WASHINGTON, D.C. – The attorney for a Houston nurse who is filing a class action suit over lost lunch time says he thinks the practice is a commonplace nationally.
“I think it’s the normal standard in the industry,” Galvin B. Kennedy, of the Washington-based Kennedy Hodges law firm, told The Southeast Texas Record.
Kennedy is representing Christina Hamlyn, who has petitioned the court for the class action suit alleging she and other nurses at St. Joseph Medical Center and St. Joseph Medical Center in the Heights in Houston had their paychecks “docked” for 30-minute lunch breaks that they were not allowed to take.
“Instead of making nurses clock out for their meal periods and then clock back in at the end of a meal period, defendant assumes nurses were able to find a 30-minute block of time to enjoy a bona fide meal period. In fact, this does not occur,” the complaint reads. “Nonetheless, the defendant then deducts 30 minutes from nurses’ shifts for a meal period, when in fact, nurses remain on duty during that time ... even when they attempt to have a bite to eat. Interruptions abound.”
Kennedy said he is still awaiting and answer to the complaint from the hospitals, who he said have since changed their unfair lunch policy. He said he agreed to a recent extension request. Hamlyn, who no longer works at the hospitals, is seeking back wages for when she did lose lunch time from 2013-15.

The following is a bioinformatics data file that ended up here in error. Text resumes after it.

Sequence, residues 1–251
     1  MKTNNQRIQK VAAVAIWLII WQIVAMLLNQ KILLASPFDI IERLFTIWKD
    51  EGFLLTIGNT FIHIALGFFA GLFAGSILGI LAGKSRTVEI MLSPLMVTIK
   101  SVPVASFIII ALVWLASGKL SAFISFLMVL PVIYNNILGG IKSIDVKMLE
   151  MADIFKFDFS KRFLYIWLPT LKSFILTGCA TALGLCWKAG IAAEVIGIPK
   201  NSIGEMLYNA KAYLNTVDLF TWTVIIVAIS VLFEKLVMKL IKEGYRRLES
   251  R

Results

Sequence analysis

Kennedy said there is a clause in the Fair Labor Standards Act law that could allow for an increase in the amount of damages being sought, although it does not seek injunctive relief since the hospitals already have changed the rules.
He said his firm currently is formulating the process of contacting other nurses who may have been affected by the hospitals’ lunch rules.
“We would send out notices to other nurses who worked at the hospital and who were under the system,” he said, estimating there may be as many as 1,000 affected over a three-year period.
Kennedy said a nurse's job is different than most others in that finding the actual time to take lunch is difficult based on the number of regular and emergency responsibilities that arise. He said nurses can’t just stop to take lunch, although that’s what the hospitals were alleging they should do.
The complaint also alleges the hospital knowingly “encouraged, instructed suffered and permitted” its nurses to skip lunch to assist patients, and did not require them to clock in and out for a required meal period. It also alleges the loss of a lunch period affected nurses’ overtime hours.
“It’s not like an assembly line where you can just walk away,” he said. “Things just keep coming – buttons get pushed, families ask for help, emergencies arise. Unless you designate a lunch time, they just aren’t going to get it. You can’t just ignore a patient’s needs because you’re having a sandwich.”